Curiosity: evolution of the concept - Deepstash

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Curiosity: evolution of the concept

Curiosity was first pictures as an unpleasant state that we were motivated to decrease.

In 1994, George Loewenstein offered a more modern take in his information-gap theory. His theory stated that curiosity was driven from the gap between what you know and what you’d like to know.

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MORE IDEAS FROM THE SAME ARTICLE

  • Curiosity is influenced by framing effects. If the situation highlights a single missing piece, you’re much more curious than if you think you haven’t assembled most of the puzzle.
  • Insight-based issues provoke more curiosity than accumulative ones....

Knowledge about a subject predicts curiosity for new knowledge. And this happens because you need to have some information before you can ask good questions. Since good questions are the raw material for curiosity, it’s difficult to be curious about something when you can’t ask a...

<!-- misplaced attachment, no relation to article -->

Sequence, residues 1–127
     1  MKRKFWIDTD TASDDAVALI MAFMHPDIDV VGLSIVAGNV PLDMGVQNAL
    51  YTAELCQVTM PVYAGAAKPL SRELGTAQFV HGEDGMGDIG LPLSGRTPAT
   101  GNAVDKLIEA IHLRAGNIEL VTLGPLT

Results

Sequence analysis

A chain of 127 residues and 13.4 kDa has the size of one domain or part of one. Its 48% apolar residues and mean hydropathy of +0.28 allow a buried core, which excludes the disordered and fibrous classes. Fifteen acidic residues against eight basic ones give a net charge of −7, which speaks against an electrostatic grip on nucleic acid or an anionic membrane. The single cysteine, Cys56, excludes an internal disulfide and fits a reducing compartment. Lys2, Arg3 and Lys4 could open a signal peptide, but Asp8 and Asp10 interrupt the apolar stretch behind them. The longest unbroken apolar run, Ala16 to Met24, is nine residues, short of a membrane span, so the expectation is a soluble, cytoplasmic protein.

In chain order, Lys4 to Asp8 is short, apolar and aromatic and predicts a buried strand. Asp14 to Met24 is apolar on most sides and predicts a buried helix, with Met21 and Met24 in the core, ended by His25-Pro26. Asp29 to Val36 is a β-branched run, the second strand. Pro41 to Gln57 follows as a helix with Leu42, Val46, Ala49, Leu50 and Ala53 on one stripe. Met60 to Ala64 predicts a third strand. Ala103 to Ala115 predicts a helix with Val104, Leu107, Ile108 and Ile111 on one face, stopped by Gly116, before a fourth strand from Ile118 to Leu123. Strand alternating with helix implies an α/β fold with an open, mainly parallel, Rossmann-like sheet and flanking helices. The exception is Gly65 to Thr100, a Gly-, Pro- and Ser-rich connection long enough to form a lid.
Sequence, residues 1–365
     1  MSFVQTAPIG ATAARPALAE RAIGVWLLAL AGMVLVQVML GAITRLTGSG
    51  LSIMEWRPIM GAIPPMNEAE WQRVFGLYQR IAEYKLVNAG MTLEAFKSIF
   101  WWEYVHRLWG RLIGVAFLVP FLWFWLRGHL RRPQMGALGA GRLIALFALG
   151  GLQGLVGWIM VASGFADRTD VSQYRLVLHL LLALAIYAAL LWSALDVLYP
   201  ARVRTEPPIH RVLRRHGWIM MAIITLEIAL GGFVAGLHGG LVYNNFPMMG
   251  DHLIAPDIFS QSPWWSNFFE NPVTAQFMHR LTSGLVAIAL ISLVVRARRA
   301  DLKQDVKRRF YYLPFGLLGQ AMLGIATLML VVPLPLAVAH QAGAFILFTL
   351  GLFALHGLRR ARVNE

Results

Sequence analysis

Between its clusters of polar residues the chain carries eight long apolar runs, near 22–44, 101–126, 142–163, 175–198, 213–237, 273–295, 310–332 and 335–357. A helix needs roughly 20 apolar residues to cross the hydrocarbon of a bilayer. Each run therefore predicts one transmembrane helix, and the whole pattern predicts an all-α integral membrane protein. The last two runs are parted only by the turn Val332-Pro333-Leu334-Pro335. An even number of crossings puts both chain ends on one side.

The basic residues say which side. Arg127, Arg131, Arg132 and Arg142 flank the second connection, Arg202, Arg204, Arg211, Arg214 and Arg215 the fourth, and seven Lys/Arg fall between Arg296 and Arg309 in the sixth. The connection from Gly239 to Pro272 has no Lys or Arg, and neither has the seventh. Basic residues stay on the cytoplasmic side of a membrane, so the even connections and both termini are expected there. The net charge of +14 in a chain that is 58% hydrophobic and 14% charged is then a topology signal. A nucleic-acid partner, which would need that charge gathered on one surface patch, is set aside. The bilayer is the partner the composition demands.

To be more curious, you have to rethink the information you've acquired in terms of the key mysteries it was developed to solve.

  • The art of asking questions needs to be paired with the capacity of finding the answers.
  • Online forums are good ways and environments to ask questions and get expert replies. For many questions, teachers, peers and people around you can often answer questions you’ve missed.

Learning is a lot easier when it’s interesting. And what makes learning interesting is the degree of your curiosity about a certain subject.

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